|Great Info, right from the horses mouth! My.... (archive)|
Posted by Steve Borsse on September 29, 1998 at 09:21:21:
In Reply to: Synthetic Motor Oil and Engine Break-in posted by XTech on September 29, 1998 at 08:26:52:
feeling is that as long as engine manufacturers hone the cylinder walls for ring pack seating, one should wait at least a thousand miles before putting synthetic oil in the engine. Redline must have solid evidence as to why you should wait, because why else would they deter the sale of their own products? I have great respect for Redline products and I put their 10W40 synthetic in my 98/2.8 at 2,500 miles. I now over an additional 4,000 miles on the car since then (which includes a high speed run to and from the
reunion), and the oil level has not declined even
1/16 of an inch on the dipstick! Bear in mind I'm talking about very hot summer weather in Florida. Which brings up another point.... I notice many of you are opting for higher viscositys such as 15W50. The same Redline engineer who answered your question talked me out of this. He strongly recommended the 10W40. I explained I was in very hot Florida, drove the car hard on occasion, etc., he said 10W40. I told him that all the years I've been in the hot south that I've only used 20W50 in all my vehicles, he said 10W40. Here's why:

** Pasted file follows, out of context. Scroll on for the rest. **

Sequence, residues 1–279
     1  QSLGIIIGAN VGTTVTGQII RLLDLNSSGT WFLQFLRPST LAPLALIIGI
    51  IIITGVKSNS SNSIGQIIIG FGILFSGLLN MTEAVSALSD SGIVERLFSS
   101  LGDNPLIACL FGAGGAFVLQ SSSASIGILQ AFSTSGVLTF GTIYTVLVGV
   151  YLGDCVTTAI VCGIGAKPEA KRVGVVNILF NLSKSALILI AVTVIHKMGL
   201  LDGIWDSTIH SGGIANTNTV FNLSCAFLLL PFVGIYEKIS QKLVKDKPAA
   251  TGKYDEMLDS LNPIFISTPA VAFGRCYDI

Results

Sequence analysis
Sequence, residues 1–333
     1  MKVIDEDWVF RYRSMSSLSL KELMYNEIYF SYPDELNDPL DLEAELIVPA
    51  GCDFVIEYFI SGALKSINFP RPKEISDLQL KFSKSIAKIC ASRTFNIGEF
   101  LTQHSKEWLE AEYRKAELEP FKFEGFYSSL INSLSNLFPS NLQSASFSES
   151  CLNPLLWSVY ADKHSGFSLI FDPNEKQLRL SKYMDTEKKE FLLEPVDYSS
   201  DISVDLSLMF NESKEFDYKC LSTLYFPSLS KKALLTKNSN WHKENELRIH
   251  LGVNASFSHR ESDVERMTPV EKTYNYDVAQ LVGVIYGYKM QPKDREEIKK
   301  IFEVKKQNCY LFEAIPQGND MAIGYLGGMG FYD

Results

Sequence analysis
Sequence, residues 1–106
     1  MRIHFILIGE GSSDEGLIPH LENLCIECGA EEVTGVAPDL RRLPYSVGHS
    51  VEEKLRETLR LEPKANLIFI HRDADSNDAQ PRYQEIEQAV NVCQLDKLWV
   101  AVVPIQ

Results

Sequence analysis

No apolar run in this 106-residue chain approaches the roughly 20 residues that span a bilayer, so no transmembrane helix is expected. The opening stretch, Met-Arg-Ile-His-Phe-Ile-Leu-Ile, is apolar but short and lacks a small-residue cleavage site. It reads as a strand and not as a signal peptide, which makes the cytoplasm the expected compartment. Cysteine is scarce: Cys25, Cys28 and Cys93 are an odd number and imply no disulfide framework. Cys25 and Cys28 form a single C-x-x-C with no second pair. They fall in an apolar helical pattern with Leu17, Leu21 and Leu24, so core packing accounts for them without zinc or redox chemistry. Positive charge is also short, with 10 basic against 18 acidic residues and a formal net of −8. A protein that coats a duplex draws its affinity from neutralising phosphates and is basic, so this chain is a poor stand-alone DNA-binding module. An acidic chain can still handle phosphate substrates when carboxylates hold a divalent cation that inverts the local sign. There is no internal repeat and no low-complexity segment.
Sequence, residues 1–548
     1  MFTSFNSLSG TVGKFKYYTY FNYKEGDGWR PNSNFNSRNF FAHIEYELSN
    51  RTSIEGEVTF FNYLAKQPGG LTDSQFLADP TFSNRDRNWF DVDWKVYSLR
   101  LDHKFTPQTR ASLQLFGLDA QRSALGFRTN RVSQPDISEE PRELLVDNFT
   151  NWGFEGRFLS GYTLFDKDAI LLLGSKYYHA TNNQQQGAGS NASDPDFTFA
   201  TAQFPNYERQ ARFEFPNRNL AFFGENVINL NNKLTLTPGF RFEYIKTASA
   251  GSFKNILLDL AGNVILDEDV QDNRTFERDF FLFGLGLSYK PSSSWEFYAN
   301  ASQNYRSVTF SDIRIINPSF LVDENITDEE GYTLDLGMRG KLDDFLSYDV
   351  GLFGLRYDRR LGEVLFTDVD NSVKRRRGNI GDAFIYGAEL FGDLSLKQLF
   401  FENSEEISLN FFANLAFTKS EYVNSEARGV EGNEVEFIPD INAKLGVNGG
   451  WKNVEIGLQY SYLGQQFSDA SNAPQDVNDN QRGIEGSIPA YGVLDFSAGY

1. The superiority of synthetics lies in the fact that a 10W40 synthetic can provide the high shear protection superior to a petroleum 20W50 in the bearings and cams, while providing a much lower viscosity on the cylinder walls and in the ring pack. The lower viscosity provides more power and also better efficiency and fuel economy.
2. Wide range synthetics such as 5W50 use the same thickener systems as petroleum 20W50 and suffer from the same viscosity losses in the bearings and cams.
3. Redline considers that in most cases an engine should not require the viscosity of a 20W50 and would be simply sacrificing power for doubtful advantage.
4. Redline 10W40 synthetic provides significantly improved film thicknesses campared to a 20W50, while providing the advantage of 1-3% more power!!
We all know how much we love extra power!! (: My mileage did seem to go up at least 1 if not 2 MPG. This however could be due to further "loosening up" of the engine. (I made on the way to the reunion 24.7-25 at 78 on cruise with air/lights/stereo/wife talking on. Before the oil change the mileage was about 23.)
The bottom line IMHO is that if you plan on keeping your Z3 (or for that matter any other vehicle) for any length of time, the switch to a synthetic motor oil is well justified.